Politics

Greens eye government amid German political turbulence

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Via Deutsche Welle

All of Germany’s major political parties, apart from the far-right Alternative for Germany (AfD) and the environmentally friendly Greens, seem to be in crisis.

The leader of the Christian Democratic Union (CDU) recently quit in frustration. Polling for the Social Democratic Party (SPD) has fallen to 13% to14%. The business-friendly Free Democratic Party (FDP) has suffered a blow since the debacle in Thuringia, where one of its candidates was voted in with support from the CDU and the AfD.

Read more: Thuringia AfD fallout: How weak is Germany’s CDU?

The Greens, however, are cutting quite a figure on the German political stage. After a period when in-fighting was common, they are united and experiencing a resurgence. The number of members has risen from 65,000 to 100,000 in just three years. Nationwide polls put them in second place after the CDU, with support ranging from 20% to 24%.

Poll from January 2020 showing 23% support for the Greens nationwide

Greens change their tone

“It will be our task, one towards which we are striving, to impart a sense of direction and trust to the country,” said Robert Habeck, one of the party’s two leaders. These are words that could easily have been spoken by a head of government or president, a significant sign of change from the party that once was mocked for its chaotic nature and not wanting to govern. 

Habeck’s co-leader, Annalena Baerbock, explained what her party thinks people expect from politicians: “Not only the tackling of key problems but the provision of real solutions, even if this means going new ways.” It’s another statement that sounds like a leader of a party responsible for governing the country, not pointing out the government’s faults from the opposition.

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Read more: Germany’s Green party: How it evolved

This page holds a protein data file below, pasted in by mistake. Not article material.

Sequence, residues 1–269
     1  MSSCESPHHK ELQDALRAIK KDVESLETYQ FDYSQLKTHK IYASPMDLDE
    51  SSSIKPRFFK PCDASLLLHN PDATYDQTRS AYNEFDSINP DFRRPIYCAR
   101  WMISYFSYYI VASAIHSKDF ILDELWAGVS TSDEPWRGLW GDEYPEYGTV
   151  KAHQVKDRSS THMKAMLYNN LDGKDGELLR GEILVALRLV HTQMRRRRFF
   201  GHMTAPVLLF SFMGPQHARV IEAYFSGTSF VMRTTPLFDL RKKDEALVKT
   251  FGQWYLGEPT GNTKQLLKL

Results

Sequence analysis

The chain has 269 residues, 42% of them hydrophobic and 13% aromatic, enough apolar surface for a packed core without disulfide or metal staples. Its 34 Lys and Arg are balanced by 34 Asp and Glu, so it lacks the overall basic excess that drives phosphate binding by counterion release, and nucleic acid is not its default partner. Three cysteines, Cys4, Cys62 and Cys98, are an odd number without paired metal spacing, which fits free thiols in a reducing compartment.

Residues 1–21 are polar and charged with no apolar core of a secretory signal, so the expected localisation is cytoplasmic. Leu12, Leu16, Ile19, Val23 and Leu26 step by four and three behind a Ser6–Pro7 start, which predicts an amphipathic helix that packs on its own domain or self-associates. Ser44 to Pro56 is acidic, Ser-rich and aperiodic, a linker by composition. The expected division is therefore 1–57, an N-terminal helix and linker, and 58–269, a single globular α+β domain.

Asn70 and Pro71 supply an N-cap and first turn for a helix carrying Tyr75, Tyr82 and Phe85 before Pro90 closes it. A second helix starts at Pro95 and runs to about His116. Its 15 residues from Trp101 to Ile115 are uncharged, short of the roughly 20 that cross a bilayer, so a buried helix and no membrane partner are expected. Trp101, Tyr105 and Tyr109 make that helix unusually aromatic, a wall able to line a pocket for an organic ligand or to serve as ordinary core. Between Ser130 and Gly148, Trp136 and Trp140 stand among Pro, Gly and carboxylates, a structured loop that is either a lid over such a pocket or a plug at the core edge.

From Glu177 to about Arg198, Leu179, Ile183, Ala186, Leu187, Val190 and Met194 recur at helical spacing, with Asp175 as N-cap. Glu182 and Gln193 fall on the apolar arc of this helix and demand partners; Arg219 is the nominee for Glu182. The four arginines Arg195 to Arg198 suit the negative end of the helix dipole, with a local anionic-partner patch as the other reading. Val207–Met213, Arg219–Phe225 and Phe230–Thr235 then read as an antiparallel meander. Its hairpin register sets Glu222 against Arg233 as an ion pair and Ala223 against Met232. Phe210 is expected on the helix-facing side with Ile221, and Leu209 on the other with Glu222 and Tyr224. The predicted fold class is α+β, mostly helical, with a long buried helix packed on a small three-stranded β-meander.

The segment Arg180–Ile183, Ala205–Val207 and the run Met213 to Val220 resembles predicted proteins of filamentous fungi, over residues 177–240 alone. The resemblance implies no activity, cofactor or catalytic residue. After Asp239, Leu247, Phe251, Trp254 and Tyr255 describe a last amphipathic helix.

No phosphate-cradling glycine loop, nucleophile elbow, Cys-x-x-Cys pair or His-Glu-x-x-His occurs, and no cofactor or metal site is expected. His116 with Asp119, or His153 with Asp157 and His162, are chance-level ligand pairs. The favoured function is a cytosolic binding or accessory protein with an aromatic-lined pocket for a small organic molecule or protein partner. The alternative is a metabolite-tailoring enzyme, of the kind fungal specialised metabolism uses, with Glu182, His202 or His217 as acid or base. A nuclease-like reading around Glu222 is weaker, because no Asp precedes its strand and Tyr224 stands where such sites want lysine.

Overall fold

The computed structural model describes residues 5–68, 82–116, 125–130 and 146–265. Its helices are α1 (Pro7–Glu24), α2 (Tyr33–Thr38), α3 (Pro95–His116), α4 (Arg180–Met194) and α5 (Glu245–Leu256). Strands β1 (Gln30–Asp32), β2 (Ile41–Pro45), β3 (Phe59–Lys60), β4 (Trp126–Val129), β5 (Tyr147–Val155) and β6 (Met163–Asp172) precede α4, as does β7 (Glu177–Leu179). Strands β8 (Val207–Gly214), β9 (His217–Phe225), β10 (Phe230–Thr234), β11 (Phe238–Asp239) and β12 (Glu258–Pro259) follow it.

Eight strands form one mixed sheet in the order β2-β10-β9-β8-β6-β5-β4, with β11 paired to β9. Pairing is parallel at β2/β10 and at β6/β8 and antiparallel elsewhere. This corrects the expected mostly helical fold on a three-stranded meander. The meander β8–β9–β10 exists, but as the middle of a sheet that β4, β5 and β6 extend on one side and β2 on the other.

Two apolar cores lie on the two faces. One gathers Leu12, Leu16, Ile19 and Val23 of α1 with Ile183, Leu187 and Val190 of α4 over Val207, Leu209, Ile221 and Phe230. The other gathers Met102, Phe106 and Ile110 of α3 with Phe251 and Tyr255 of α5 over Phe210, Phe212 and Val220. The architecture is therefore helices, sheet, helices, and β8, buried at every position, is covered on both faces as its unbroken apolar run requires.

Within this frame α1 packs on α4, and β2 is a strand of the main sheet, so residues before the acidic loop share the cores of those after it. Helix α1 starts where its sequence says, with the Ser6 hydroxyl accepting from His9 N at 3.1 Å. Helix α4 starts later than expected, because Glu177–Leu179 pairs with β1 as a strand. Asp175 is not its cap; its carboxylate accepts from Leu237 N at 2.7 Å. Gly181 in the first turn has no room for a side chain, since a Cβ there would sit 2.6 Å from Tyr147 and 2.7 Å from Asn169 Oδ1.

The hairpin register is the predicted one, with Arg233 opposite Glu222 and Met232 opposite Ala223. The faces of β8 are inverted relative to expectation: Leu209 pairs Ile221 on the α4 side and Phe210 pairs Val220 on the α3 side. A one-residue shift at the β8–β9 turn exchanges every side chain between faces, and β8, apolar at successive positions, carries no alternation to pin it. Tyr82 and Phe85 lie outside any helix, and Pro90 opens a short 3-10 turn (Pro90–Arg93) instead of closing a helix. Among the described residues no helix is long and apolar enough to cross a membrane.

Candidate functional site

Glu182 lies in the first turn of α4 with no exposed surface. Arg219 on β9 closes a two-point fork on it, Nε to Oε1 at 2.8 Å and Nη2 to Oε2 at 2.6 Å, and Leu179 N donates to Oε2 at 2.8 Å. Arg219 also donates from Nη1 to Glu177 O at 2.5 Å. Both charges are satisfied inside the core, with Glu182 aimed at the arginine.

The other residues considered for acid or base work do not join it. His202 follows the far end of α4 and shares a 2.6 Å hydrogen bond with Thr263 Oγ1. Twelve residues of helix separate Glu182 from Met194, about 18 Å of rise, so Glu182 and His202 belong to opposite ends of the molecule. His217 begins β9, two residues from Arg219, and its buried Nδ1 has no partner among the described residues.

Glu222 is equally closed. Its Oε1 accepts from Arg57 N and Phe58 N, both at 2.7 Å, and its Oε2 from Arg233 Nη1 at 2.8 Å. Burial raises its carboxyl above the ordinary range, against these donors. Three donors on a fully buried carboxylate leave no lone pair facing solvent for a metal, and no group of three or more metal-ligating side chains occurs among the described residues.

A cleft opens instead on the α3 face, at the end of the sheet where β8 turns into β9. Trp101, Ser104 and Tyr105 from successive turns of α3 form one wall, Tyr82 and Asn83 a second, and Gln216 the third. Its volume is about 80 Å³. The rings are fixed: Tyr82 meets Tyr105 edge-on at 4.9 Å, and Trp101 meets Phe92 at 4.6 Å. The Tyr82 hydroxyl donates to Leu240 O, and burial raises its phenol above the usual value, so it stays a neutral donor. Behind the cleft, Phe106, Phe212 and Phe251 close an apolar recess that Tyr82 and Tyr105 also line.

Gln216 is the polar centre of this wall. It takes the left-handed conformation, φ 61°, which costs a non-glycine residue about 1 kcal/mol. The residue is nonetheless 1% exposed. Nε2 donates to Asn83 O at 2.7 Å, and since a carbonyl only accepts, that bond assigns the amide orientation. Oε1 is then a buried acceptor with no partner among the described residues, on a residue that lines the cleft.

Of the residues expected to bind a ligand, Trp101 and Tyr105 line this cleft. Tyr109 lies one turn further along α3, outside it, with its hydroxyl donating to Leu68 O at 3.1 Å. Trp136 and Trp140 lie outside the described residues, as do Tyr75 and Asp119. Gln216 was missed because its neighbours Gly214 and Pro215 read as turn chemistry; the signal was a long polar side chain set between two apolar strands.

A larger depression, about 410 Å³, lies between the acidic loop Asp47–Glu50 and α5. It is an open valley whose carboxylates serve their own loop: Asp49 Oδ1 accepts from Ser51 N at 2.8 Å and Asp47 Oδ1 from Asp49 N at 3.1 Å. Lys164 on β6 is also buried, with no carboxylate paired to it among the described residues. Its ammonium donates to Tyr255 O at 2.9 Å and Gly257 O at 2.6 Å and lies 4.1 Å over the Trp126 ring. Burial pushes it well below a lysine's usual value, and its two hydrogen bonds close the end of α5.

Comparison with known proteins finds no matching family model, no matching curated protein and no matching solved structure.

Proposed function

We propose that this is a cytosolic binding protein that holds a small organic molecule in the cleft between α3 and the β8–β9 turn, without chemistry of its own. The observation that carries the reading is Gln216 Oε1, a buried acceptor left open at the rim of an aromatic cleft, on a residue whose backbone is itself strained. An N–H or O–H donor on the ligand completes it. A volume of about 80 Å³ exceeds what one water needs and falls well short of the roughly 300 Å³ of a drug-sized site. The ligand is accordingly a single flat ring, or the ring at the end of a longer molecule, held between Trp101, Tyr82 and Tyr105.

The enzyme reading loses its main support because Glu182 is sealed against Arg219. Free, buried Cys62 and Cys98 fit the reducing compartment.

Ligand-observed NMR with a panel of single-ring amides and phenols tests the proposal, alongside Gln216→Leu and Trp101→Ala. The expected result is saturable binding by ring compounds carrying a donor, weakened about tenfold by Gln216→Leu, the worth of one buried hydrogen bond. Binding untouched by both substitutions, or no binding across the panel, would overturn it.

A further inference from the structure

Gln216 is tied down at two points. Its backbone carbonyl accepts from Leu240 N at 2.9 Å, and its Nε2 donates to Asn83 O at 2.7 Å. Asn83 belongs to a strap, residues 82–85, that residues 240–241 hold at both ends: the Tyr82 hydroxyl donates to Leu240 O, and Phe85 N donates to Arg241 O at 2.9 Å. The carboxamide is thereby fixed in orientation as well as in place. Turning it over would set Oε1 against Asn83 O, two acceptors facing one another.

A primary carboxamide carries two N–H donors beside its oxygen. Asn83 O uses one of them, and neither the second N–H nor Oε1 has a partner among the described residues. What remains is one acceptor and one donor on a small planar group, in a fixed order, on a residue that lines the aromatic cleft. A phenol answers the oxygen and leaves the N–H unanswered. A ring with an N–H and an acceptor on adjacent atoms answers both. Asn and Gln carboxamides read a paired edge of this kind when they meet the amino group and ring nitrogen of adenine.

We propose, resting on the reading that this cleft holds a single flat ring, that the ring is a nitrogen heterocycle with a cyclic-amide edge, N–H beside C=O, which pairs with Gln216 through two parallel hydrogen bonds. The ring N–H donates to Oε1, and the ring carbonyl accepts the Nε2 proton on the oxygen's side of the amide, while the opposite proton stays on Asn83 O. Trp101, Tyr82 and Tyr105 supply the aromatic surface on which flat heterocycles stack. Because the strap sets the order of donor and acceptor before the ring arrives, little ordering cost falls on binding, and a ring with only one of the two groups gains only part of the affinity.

The Greens’ parliamentary leader, Anton Hofreiter, told DW that “a very decisive period lies ahead. It’s about preserving natural resources, about society sticking together, about upholding democratic values and about a steady and united Europe. Our strength at this time is our determination.”

“We have to do something now!”

Greens lawmaker Franziska Brantner, who divides her time between Berlin and Heidelberg, told DW that her party was in such a position at the moment because of the “current leadership.”

“Everyone feels in good hands with Robert Habeck and Annalena Baerbock,” she said. The two have been co-leaders since the beginning of 2018 when they were both elected with huge majorities at the party conference in Bielefeld. Baerbock garnered a whopping 97 percent of the vote.

A cow in Germany seen in a green field (Imago Images/A. Krone)

Climate awareness in Germany has helped the Greens

Both leaders have been careful to avoid public shows of disagreement. This was not always the case of their predecessors in a party that has traditionally had two leaders.

Brantner also said climate change’s increasing importance in mainstream society is also crucial to the party’s support since preserving the environment has always been the Green party’s main focus. Brantner said that the general consensus in the many internal debates about climate change is that “something has to be done now.”

Return of the veterans

Brantner also told DW that celebrations for the Greens’ 40th anniversary in Heidelberg earlier this year was symbolic of the transformation. Many veterans from the early days had come and said they were willing to join the party again, even some who had left in protest after the Greens supported military intervention in the Balkans in the late 1990s.

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As society becomes more polarized, the Greens are no longer afraid of governing.

“Only then can there be a real dialogue,” explained Brantner. “We will only leave the room when we’ve really come to an agreement.”

Some critics accuse the Greens of avoiding conflict and being too willing to please in their efforts to govern. After an inner-party debate over whether homeopathic medicine should be state subsidized escalated, it will now be resolved by the party’s executive committee.

Who will be the chancellor candidate?

Unlike the CDU, which is currently in the throes of choosing who will lead the party and likely claim the role of candidate for the Chancellery in next year’s elections, the Greens do not want a fight over who will lead them in the poll.

Both Baerbock and Habeck have avoided the issue in public and Brantner added, “It’s absolutely correct not to make a decision yet.”

The party will also have to see whether their current support continues and is reflected in election results. Though they won 20.5% in last year’s European Parliament elections, the results in three state elections in the former East Germany were more sobering.

Their recent 24% win in Hamburg’s state election was their second most successful so far but the Greens always tend to do well in urban centers. In rural regions, particularly in the former east, they still need to catch up.

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